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Choosing an Office Chair: An Informed Decision for Comfort and Health

The complex challenge of choosing an office chair involves the critical issues of optimal employee health and performance, as well as environmental sustainability.

December 2007
Sponsored by Humanscale

Continuing Education

Use the following learning objectives to focus your study while reading this month’s Continuing Education article.

Learning Objectives - After reading this article, you will be able to:

  1. Discuss the health issues associated with long-term sitting.
  2. Recognize the important aspects of ergonomic task seating.
  3. Identify the ergonomic and sustainability features of task seating in the context of the computer workstation.

Credits: 1.00 HSW

This test is no longer available for credit

Ancient Egypt is believed to have had the first chairs with backs. Medieval Europeans used chairs as status symbols. But it was not until the middle of the 19th century when the nation's railroads expanded bringing with them a growth in office work, that chairs became a necessary part of the office. In the early 20th century, under the impetus of Frederick Taylor's scientific management of the sedentary workplace, chairs began to be viewed as tools to improve productivity.

Some 70 years later, the new science of ergonomics and human factors investigated the relationship between chair design and workers' health, documenting the fact that chairs can both enhance and diminish office productivity, depending on their design and usage. In recent decades, medical claims and lawsuits have attributed injuries to the repetitive use of office equipment. A U.S. House of Representatives 2001 report noted that the total cost of human factors-related injuries to employers and employees in California in 1998 was $4.5 billion.

Given the fact that a fully functioning managed employee costs about 2.7 times his or her base salary (as reported by the MIT Enterprise Forum®), it makes good business sense to ensure that the chair on which an employee spends a longer and longer working week offers ergonomic features-especially as back problems are the most frequent cause of activity limitations in working age adults. Professional-level workers spend about 70 percent of their time seated, while deskbound employees such as telemarketers and data entry workers spend close to 100 percent of the day sitting. Since virtually all of today's office activity is done sitting at the computer, informed chair selection is critical.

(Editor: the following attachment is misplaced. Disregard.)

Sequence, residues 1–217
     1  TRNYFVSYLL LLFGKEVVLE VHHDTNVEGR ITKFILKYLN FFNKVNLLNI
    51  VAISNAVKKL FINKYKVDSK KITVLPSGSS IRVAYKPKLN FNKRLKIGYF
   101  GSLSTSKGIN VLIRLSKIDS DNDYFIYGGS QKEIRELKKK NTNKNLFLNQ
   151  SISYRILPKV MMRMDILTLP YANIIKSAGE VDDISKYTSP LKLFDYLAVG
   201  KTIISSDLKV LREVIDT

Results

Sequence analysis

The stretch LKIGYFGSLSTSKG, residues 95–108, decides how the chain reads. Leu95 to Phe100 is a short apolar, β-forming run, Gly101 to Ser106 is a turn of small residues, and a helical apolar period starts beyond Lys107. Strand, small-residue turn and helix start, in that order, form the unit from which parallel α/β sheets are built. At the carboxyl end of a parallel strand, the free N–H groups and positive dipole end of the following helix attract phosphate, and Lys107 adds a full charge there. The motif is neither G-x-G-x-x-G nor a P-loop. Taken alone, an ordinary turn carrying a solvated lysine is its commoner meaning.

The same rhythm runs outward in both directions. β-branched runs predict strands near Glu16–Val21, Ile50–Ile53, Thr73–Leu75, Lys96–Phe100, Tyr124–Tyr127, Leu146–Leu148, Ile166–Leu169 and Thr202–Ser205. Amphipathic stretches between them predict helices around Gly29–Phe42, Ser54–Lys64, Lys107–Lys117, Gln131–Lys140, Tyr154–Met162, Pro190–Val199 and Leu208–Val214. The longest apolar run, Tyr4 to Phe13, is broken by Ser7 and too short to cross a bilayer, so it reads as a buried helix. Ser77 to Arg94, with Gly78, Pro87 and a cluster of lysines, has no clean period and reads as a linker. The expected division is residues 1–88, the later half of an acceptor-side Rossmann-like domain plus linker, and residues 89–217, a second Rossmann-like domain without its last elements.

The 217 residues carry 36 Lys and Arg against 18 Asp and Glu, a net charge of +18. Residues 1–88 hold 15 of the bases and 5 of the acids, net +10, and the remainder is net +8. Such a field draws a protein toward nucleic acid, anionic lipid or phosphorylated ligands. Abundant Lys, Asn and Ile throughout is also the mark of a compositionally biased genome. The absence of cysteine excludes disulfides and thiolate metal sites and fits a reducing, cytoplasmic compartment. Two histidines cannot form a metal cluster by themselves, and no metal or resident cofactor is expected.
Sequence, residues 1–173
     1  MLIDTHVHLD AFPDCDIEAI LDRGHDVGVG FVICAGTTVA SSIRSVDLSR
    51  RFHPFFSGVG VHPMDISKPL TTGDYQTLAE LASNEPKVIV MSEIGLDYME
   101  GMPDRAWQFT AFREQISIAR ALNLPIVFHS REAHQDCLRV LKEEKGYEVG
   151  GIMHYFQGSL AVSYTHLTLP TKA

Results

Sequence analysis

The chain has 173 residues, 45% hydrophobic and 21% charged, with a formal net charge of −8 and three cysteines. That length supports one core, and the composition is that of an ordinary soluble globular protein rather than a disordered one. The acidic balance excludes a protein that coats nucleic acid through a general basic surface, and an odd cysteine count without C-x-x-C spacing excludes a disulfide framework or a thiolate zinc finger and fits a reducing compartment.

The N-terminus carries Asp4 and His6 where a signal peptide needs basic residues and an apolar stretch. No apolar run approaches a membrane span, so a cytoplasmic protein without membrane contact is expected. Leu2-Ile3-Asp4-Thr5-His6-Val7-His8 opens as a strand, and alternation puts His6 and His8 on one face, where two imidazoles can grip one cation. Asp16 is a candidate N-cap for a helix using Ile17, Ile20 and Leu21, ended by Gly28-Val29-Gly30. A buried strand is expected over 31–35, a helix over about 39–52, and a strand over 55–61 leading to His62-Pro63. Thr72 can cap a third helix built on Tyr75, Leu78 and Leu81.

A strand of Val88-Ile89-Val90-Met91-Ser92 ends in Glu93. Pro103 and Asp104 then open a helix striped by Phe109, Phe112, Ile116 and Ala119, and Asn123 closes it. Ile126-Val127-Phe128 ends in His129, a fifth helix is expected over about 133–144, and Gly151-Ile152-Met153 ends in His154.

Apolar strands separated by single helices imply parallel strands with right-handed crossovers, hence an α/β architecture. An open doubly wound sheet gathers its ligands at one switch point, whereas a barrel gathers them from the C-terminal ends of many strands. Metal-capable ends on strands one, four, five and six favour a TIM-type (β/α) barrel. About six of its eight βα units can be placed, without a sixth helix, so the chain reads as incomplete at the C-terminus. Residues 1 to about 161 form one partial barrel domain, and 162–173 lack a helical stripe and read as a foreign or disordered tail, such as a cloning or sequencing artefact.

Faced with extensive human factors research and dozens of office chairs on the market, today's designers and facility managers have the daunting task of selecting the "right" chair out of a sometimes formidable choice of features and an equally formidable choice among reputable manufacturers. Given the explosion in LEED® projects and demand for sustainability, they have the additional challenge of evaluating manufacturers' data on emissions and recycled materials for LEED points. Moreover, as the chair industry continues to evolve in response to new materials and new health and wellness concepts-some say it is undergoing a revolution-new design concepts add to the complexity surrounding the selection of seating.

Photo courtesy of Staverton, London, UK

Despite good intentions, persons responsible for selecting task seating still tend to rely on the familiar criteria of chair aesthetics and price. Sometimes the decision is turned over to employees, who, presented with a choice of chairs, are asked to sit in each for a few minutes before voting. While there are benefits in involving employees in decisions, selecting a chair that will be used for thousands of hours a year on the basis of a brief superficial "test" does not adequately serve anyone.

A first step toward understanding how chairs should function is to ask what happens when humans sit for long periods of time.

 

Originally published in the December 2007 issue of Architectural Record
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